Sometimes stuff happens in life that gets in the way. This virus is nothing compared to what generations living through two World Wars had to deal with; wartime, including starvation for some, displacement, revolutions, more displacement, emigration and adjusting to new countries, cultures, and languages, while job-seeking and trying to re-establish a normal life. I don't know how people did it; of course it was stressful, but you never heard of any complaints, of fatigue, PTSD (except for some of the soldiers), and other hardships.

We've been fortunate to have grown up and lived our lives in relative stability. Our turn is coming though; increased incidence of disease of global proportions, forest fires (now a global phenomenon), more damaging storms and erosion of coastlines causing displacement, loss of livelihood for some, homes destroyed, premature death, trauma. This is the time to help kids build resilience, an ability to roll with life's punches. They'll remember the year school ended months early, and everyone had to stay home. Look for ways to help them adjust and turn some of it into a positive experience, perhaps with learning activities and projects at home, if you're a stay-at-home mom, OP. It could be a lesson in making lemonade out of lemons. And don't forget to give yourself some time-outs, to rest, refresh and de-stress.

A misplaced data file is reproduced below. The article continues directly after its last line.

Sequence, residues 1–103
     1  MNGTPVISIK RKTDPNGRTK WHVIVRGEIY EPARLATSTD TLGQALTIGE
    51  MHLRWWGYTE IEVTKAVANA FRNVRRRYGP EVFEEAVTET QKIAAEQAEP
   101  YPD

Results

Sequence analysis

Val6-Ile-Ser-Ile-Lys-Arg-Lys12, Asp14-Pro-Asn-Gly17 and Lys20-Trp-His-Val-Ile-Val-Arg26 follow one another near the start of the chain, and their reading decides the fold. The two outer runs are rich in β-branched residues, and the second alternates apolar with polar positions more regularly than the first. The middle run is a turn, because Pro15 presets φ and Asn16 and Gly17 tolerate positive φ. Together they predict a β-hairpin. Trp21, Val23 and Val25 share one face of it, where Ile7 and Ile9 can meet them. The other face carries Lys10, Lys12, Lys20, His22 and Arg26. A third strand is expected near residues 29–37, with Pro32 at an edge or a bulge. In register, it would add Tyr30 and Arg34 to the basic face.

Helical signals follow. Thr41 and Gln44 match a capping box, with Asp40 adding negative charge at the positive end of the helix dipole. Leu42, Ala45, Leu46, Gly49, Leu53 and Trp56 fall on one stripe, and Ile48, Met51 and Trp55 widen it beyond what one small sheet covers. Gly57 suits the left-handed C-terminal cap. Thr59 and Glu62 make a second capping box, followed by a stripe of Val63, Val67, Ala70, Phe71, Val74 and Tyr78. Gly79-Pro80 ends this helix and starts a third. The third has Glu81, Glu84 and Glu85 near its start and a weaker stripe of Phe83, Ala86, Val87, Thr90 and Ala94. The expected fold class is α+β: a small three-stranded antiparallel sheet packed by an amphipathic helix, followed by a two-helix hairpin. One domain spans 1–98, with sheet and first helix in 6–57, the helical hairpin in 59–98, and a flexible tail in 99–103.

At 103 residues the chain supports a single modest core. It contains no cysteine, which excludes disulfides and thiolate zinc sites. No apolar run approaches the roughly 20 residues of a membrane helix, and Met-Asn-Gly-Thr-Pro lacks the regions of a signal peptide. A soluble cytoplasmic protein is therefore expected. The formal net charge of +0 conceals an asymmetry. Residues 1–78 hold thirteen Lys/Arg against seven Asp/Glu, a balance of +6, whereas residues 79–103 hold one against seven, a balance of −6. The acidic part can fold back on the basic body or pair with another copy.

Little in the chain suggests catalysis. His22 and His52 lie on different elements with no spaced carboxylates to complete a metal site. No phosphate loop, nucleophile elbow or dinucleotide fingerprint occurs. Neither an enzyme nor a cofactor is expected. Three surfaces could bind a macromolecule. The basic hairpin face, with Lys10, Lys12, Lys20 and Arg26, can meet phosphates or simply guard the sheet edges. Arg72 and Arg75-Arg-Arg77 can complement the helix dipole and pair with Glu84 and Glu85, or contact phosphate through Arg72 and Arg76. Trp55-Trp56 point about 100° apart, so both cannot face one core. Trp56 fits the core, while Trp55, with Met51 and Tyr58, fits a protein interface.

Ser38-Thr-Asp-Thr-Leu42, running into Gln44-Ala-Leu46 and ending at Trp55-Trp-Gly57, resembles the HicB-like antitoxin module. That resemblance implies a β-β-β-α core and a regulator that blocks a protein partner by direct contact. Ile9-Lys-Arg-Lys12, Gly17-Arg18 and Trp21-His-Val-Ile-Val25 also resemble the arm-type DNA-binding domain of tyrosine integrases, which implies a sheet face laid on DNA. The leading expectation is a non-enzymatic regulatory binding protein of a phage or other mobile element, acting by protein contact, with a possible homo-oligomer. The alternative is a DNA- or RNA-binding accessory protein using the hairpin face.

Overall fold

Old 03-19-2020, 09:28 AM
 
Location: State of Transition
84,212 posts, read 77,210,637 times
Reputation: 85152
Quote:
Originally Posted by LO28SWM View Post
We are in NJ suburbs of NYC and our kids are doing distance learning. There may be some sort of makeup just for hours or exams but we have 10th graders and 8th graders and a 6th grader and 5th grader. They are all doing computer classes with timed tests, check ins with instructors and hours worth of classwork. My kindergartner has a thick packet from his school and everyday the teachers post what todays work is and you have to post pictures of everything for grading. So at least around here there arent any plans to make up if the work is completed. But we wont know for sure until we go back to school.
That's great. So from their perspective, they still have "school", but it doesn't come with any of the extras that they enjoy. Life has its disappointments. But this is how we all stay safe. I hope they have some fun built into their schedules, too, in whatever form that may take. I'm impressed with the NYC/NJ school system, but what about the kids whose parents can't afford a home computer, and the libraries are closed?
 
Old 03-19-2020, 09:30 AM
Status: "The ministers cat is an exhausted cat" (set 24 days ago)
 
Location: NJ
1,058 posts, read 363,411 times
Reputation: 3606
The other side for me personally is i dont get time to refresh or destress. I am at work. I still have to get up at 4 am and go to queens which is am grateful for but also I have more stress than usual because now when i get home Im also teaching kindergarten. My husband is home but he has a very busy job that is just as busy just now at home. Our son is bored and misses his friends because there is literally nothing we can do to help him. The neighborhood children arent out. His siblings live with their mother, hes the only full time kid in our house. Hes lonely and misses all the activity in his daily life.